Longboat Cafe issue has galvanized’ town

SCORES of campaigners packed into Peter Hall, in Budleigh Salterton, last week for a public meeting regarding the controversial Longboat Caf� planning application.

SCORES of campaigners packed into Peter Hall, in Budleigh Salterton, last week for a public meeting regarding the controversial Longboat Caf� planning application.

The meeting was presided over by David Daniel, of the Budleigh Longboat Association, Mayor Courtney Richards, Helen Tickle of the Otter Valley Association and chaired by Maureen De Viell.

Such was the high volume of people who wanted to attend, some latecomers were told to leave for health and safety reasons concerning the hall's use.

Held on the same day as the deadline for public comments on the application, Mr Daniel, Mr Richards and Mrs Tickle each delivered a short presentation, expressing reasons why the plans should be rejected.


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Cllr Richards opened proceedings by reading the town council's stance on the plans - an application submitted by Brent and Jane Hushon, to convert the Victorian caf� into a multi-levelled, glass fronted restaurant.

He said: "The town council has continually recommended that the application be refused.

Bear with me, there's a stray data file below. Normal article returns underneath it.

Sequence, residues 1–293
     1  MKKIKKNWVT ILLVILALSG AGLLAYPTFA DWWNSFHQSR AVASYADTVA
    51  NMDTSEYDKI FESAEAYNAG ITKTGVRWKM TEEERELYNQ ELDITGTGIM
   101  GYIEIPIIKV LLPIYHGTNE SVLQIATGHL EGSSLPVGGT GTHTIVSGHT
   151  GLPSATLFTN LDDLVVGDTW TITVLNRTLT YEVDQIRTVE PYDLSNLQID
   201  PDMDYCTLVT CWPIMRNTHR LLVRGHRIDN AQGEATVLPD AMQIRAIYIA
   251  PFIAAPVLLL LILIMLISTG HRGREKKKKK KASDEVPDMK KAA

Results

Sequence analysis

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"As I have said before, we are not against something happening (in Budleigh) but not this big.

"Then, there is a sense of frustration that our planning authority are taking no notice of not only the feelings of this town and its design statement, but also planning law."

Asked about the large turnout at the meeting, Cllr Richards said: "I think it shows the strength of feeling there is in the area.

"I'm a Saltertonian and have lived here for 66 years. I do not remember any issue galvanizing the town like this has done."

Helen Tickle, chairman of the Otter Valley Association, then gave reasons why the association believes the application should be rejected.

She said: "For many people, the impact would be detrimental, definitely damaging the area.

"To me, Budleigh's unique selling point is the unspoilt nature of its coastline and that is why people come to the town, because there is so little on the seafront."

Members of the Budleigh Longboat Association have paid out of their own pockets for a Landscape Visual Impact Statement to be produced, which was shown to the audience at the meeting.

The statement, put together by environmental architects, Nicholas Pearson Associates, displays pictures contrasting what the seafront looks like now, with pictures of how it could look with a two-storey restaurant .

Mr Daniels said the present building was a piece of maritime heritage and believed to be the last remaining longboat house of its kind in the country. He added: "The site could be developed tentatively to retain the building or the spirit of the building and that is a path the applicant has not chosen, unfortunately.

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